The Kingdom of Saudi Arabia (KSA) has waged an unrelenting and brutal war against the civilian population of Yemen since the spring of 2015 with full-throated diplomatic and material support from the United States. Spanning the administrations of both Barack Obama and President Donald Trump, the U.S. role in that war is increasingly fraught with legal liability due to American knowledge of the extreme casualties that have resulted from airstrikes.
“The United Nations estimates that from March 2015 to November 2018 there were 17,640 combat-related civilian casualties in Yemen, including 10,852 caused by Coalition airstrikes,” a recent report by the Office of the Inspector General (OIG) for the U.S. Department of State notes. “High-profile incidents include a March 2016 strike on a market that killed 97 civilians, an October 2016 attack on a funeral hall that killed 140, and an August 2018 strike on a school bus that killed 51, including 40 children.”
That same report implicated “U.S. defense firms” as the likely source of the weapons used “in each of these airstrikes” and noted that such arms sales would have legally been subject to an “arms transfer review process” that was effectively short-circuited by an executive branch emergency certification in May of last year.
The emergency certification was previously described as “phony” by House Foreign Affairs Committee Chair Eliot Engel (D-N.Y.) in a statement regarding the surprise ouster of former State Department inspector general Steve Linick earlier this year.
Recall: Secretary of State Mike Pompeo expressly asked Trump to axe Linick and the 45th president complied–spurring a significant amount of press coverage regarding a relatively pedestrian inquiry focusing on abuse of power and corruption allegations that focused on a low-level political appointee attending to the secretary’s dry cleaning and similar domestic-themed errands.
But it apparently wasn’t anyone’s actual laundry that prompted the swift dismissal of the State Department’s lead watchdog.
According to one anonymously-sourced report by Politico, Linick had briefed higher-ups on his likely conclusions and Pompeo had resolutely refused to testify about the arms sales. The Intercept also ran a story citing an anonymous “Democratic congressional source” who claimed Trump had only invoked his emergency powers to bypass the Senate and the Arms Export Control Act of 1976 (AECA).
Limited by the AECA’s broad grant of authority to the president, the State Department OIG gave the administration a clean bill of health on the emergency certification but came to a different conclusion about whether or not the arms sales themselves were fully compliant with the law.
“OIG found that the Department did not fully assess risks and implement mitigation measures to reduce civilian casualties and legal concerns associated with the transfer of [arms] included in the Secretary’s May 2019 emergency certification,” the report notes.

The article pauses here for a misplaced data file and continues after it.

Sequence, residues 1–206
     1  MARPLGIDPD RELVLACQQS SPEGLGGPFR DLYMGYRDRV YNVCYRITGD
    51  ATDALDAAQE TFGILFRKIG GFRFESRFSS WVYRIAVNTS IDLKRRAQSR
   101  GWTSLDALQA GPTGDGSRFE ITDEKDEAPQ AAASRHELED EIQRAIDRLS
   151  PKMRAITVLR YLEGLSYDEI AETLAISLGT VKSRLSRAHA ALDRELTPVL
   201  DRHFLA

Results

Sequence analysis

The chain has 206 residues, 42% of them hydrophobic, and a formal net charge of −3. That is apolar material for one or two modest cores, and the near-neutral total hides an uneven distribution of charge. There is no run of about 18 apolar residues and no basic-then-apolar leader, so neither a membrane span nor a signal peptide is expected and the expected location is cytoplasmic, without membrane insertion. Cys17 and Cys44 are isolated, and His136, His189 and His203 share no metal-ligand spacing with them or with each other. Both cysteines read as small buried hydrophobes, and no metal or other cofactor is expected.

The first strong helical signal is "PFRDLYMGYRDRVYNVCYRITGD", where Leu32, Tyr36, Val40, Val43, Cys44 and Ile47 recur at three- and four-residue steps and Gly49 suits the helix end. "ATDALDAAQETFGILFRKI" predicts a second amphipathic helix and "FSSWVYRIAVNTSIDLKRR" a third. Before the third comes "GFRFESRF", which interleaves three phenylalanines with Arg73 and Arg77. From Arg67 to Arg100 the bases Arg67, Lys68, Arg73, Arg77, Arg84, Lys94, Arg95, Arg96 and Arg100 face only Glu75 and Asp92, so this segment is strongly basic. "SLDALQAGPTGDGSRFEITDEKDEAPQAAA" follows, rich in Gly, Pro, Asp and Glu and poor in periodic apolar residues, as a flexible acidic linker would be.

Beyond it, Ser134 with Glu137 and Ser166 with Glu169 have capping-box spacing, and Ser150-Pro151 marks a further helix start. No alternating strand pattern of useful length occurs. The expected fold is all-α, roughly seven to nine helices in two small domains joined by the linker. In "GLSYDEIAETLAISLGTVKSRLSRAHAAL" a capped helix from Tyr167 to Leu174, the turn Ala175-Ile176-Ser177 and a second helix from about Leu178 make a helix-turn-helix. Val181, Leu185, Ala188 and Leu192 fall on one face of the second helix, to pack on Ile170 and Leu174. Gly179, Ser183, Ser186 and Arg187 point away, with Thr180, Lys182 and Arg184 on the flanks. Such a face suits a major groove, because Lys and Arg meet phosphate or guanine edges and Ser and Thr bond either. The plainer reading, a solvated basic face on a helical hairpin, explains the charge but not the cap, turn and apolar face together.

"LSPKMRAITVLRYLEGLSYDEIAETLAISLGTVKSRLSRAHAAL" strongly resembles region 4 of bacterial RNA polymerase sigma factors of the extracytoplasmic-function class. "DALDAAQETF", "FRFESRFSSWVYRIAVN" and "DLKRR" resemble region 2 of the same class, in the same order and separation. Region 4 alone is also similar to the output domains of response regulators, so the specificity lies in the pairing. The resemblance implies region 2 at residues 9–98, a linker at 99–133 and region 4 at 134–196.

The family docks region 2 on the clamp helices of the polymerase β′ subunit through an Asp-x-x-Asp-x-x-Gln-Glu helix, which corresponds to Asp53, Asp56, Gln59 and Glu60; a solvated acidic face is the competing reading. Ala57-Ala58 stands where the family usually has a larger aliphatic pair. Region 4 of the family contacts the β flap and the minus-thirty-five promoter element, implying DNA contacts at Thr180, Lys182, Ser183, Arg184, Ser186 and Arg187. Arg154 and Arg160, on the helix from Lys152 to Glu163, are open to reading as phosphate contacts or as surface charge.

The report promises a great deal of information along these lines on two separate occasions as well: (1) “As described below, OIG found that the Department did not fully assess risks and implement mitigation measures to reduce civilian casualties and legal concerns associated with the transfer of PGMs included in the Secretary’s May 2019 emergency certification”; and (2) “OIG found the Department did not fully assess risks and implement mitigation measures to reduce civilian casualties and legal concerns. This matter is described in detail in the classified annex to the report.”
Trump administration officials successfully buried the details of those legal flubs in a classified portion of that report–meaning that public oversight of the legal issues at stake here is effectively limited to knowing that they exist. Additionally, the relevant classified information is substantially redacted–meaning that congressional oversight of the administration’s legal foibles in this regard is also extremely limited.
Per the OIG report’s explanation:
Although the Department withheld relatively little information in the unclassified portion of the report, it withheld significant information in the classified annex necessary to understand OIG’s finding and recommendation. The Department asserted that the redactions made to the classified annex should be withheld from Congress because the underlying information implicates “executive branch confidentiality interests, including executive privilege.”
Even before that, however, the Obama administration made a conscious decision to do some burying of its own.
According to the New York Times, an Obama-era lawyer in the State Department determined that U.S. personnel were “plausibly” on the hook for war crimes committed by the KSA-led coalition of which the Americans were a substantial materiel-providing part, that report was “shared with some agency officials” but “the department’s top lawyers decided not to send the analysis to the secretary of state’s office.”
“If I were in the State Department, I would be freaking out about my potential for liability,” Yale Law School professor and former Obama administration national security attorney Oona Hathaway, told the Times. “I think anyone who’s involved in this program should get themselves a lawyer. It’s very dangerous territory the U.S. is in, continuing to provide support given the number of civilians who have been killed.”
Under the various laws of war, all nation states–including the United States–are prohibited from approving arms transfers in cases where the arms dealing party has knowledge that the transferred arms will be used to commit attacks directed against civilians. Under current U.S. policy–current as of 2018–the State Department has to have knowledge that the arms will be used to “intentionally” target civilians to run afoul of this longstanding legal prohibition.
[image via Chip Somodevilla/Getty Images]
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